The Sendero de Oro (Gold Trail) is a conglomeration of a few kilometers of abandoned 4WD road, many following the riverbeds of the Rios Tigre, Piedras Blancas and Carate, a couple of long steep climbs up and down between drainages on indigenous footpaths, and a few kilometers along the beach. It winds generally northeast to southwest across the southern Osa Peninsula starting from Dos Brazos de Rio Tigre outside Puerto Jimenez on the Golfo Dulce climbs to nearly 1,600 feet (500 meters) twice before dropping down to the Pacific at Carate Beach where you turn west to La Leona.
The first afternoon we did a warm-up hike on the north fork of the Rio Tigre exploring the arm that we would not follow with our packs the next day. We found a rope swing vine and a nice swimming hole and everyone had their eyes peeled for shining nuggets in the stream.
Walking upstream was a good test for our gear and helped with footwear choices for the trek. Sue and I were in Solomon water shoes, Edwin was testing his new hightop rubber boots and dual sock combo and Meg and Ryan both decided on Keens for the water walking and switching to light weight gortex hikers for the climbs.
Revisiting Puerto Jiménez, Trekking the Sendero de Oro, Tent Camping at Drake Bay, Across Corcovado National Park & Underwater at Caño Island Biological Reserve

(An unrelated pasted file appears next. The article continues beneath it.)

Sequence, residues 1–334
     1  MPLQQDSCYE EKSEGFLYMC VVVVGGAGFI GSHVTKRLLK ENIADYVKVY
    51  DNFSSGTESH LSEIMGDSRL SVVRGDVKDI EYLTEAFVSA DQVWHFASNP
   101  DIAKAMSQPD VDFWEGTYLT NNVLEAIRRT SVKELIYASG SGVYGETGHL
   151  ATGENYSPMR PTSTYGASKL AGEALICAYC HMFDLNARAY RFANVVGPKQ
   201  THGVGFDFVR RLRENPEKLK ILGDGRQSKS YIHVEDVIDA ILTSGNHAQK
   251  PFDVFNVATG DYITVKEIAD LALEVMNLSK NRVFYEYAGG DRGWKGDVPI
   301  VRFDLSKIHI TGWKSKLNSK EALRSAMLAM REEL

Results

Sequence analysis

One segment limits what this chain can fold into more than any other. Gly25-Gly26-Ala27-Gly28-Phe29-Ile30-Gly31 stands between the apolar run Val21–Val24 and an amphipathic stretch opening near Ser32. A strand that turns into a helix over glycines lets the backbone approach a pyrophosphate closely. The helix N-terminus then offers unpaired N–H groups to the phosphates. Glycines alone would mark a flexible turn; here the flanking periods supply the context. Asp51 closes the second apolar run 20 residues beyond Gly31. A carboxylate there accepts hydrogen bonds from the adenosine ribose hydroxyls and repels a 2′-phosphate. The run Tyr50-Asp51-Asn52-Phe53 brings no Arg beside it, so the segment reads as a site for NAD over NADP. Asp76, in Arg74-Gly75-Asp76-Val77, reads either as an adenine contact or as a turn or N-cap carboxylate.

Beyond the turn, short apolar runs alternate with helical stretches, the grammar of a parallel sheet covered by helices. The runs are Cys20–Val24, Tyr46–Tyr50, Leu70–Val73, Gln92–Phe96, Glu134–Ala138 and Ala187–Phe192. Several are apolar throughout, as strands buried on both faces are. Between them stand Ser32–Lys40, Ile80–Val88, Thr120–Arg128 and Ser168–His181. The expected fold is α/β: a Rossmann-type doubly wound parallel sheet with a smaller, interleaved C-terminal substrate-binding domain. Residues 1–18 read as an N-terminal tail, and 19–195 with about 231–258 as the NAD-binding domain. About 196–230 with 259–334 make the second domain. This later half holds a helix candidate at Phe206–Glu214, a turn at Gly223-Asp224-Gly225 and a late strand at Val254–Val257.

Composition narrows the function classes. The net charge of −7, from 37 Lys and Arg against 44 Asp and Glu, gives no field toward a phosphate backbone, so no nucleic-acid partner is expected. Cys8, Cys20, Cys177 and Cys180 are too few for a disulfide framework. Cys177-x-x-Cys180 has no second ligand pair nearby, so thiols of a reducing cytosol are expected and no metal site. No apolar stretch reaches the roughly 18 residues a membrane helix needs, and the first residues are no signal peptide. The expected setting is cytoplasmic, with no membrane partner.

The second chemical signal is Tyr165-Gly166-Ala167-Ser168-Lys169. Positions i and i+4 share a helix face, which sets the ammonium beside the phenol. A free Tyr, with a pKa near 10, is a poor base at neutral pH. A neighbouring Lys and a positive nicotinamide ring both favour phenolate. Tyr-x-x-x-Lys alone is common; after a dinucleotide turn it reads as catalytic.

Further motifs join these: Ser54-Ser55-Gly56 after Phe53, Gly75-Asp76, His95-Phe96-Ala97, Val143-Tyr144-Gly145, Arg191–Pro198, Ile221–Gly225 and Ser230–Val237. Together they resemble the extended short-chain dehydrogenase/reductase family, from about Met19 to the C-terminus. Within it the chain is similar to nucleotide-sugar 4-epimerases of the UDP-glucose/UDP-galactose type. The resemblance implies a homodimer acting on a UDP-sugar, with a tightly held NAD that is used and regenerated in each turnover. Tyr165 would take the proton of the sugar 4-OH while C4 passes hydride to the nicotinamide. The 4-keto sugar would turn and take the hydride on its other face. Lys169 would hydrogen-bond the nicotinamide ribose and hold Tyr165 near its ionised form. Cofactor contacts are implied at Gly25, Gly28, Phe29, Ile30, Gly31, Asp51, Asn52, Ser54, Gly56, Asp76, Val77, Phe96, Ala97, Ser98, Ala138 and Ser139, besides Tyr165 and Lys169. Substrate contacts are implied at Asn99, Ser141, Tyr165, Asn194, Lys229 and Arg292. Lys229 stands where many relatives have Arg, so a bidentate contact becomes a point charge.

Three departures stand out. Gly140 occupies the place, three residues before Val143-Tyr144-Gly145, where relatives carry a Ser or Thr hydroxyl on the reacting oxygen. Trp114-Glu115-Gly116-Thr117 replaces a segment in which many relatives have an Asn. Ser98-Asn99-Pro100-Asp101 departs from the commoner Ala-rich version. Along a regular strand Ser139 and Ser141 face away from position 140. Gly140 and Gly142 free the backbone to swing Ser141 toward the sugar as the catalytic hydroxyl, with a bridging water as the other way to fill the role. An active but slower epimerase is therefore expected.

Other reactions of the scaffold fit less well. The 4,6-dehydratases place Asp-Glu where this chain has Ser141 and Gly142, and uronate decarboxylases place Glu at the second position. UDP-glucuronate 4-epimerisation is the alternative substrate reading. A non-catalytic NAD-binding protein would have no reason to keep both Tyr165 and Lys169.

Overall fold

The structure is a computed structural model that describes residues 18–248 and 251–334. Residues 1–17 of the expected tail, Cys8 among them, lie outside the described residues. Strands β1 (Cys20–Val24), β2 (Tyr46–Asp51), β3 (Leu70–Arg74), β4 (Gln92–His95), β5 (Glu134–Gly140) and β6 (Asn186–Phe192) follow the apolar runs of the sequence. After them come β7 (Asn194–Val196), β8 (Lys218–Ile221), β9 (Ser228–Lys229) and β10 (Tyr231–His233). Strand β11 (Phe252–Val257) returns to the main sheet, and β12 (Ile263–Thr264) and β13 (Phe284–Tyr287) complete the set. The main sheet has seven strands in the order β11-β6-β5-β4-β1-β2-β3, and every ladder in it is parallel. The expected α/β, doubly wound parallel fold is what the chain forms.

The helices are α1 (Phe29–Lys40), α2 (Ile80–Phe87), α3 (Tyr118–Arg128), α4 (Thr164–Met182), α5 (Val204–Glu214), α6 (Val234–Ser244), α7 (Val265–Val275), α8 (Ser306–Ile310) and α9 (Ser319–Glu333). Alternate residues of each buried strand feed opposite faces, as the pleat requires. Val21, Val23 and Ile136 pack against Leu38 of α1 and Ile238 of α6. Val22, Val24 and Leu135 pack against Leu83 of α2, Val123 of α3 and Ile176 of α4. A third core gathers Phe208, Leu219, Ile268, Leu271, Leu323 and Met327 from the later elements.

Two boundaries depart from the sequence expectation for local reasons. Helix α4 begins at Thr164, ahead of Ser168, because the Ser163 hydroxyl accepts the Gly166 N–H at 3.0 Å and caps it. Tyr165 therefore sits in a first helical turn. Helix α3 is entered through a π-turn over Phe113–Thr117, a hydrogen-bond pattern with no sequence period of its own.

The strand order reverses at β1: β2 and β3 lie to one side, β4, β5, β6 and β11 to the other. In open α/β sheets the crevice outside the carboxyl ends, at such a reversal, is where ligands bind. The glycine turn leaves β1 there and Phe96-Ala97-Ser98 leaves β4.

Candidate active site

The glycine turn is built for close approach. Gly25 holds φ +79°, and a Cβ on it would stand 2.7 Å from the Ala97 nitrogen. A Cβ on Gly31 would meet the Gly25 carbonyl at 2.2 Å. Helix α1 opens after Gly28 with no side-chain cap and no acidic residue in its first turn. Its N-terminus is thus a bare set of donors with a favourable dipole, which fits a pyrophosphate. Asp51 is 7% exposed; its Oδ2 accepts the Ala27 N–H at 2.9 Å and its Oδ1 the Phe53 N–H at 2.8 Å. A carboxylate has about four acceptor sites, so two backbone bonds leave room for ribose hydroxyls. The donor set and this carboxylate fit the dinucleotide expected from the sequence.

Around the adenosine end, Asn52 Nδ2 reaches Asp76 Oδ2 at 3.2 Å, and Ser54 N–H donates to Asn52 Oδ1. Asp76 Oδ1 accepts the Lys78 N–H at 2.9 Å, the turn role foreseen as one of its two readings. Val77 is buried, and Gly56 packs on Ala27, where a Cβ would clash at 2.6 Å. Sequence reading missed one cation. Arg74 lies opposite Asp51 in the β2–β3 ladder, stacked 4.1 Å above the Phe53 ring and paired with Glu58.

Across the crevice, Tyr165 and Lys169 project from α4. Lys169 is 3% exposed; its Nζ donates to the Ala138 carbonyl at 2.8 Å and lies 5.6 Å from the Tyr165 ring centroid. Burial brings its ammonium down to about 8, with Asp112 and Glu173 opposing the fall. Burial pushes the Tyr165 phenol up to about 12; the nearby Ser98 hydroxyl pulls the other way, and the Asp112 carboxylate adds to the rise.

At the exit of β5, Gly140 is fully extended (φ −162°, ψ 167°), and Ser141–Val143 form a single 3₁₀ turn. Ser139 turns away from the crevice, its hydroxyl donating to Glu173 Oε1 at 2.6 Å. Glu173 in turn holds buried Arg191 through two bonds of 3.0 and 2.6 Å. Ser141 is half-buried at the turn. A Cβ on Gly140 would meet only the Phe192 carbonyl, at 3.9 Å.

We first visited the Osa over eighteen years ago when we spent a few nights in Jiménez then trekked from La Palma on the Golfo Dulce, up the Río Rincon to Los Patos, down to the Pacific at Sirena and then along the beach to La Leona and Carate.
When we were offered the opportunity to explore a new trans-peninsular hike with our friend Edwin we jumped at the chance. We flew Nature Air from Tobias Bolaños airport in Pavas (San José) to Puerto Jiménez on the Osa Peninsula.
Jiménez has undergone some major changes in the past couple of years, most notably the road from Chacharita on the Pan American highway is paved. The last new bridge was opened while we were there last week and the drive time has been cut in half.
The new modern BM supermarket includes a small soda that supplements Carolina’s as the main meeting place in town and of course a number of restaurants, hotels and lodges have come and gone.
Packing List for Travel to Costa Rica – Trek Version
If you plan to travel off the beaten path in Costa Rica you’ll need to plan a packing list for a 25 lb version of your stuff in a single rugged waterproof bag.
We’ve got at least two twenty five pound segments on this trip. First we’ll be flying to the Osa peninsula for eight days and even if we were willing to carry more on our backs while trekking Corocovado and the Golfo Dulce reserve the domestic airlines impose a baggage restriction of 25 – 35 lbs depending on your fare. When we head out on the Pacuare with Green Frog we’ll whitewater raft in to their camp, do some hiking and then out to Siquirres the next day.
The Twenty Five Pound Packing List – 15 lbs of essentials
The essentials for adventure travel in the tropics can be amazingly compact and lightweight especially if you’re trekking from shelter to shelter or rafting from camp to camp rather than tenting it. Our lightweight packing list for Costa Rica includes
The Bag – These are without a doubt the best bags ever made. Surprisingly the label isn’t Arcteryx, North Face, Moutainsmith or Black Diamond – they are made by Bike Nashbar.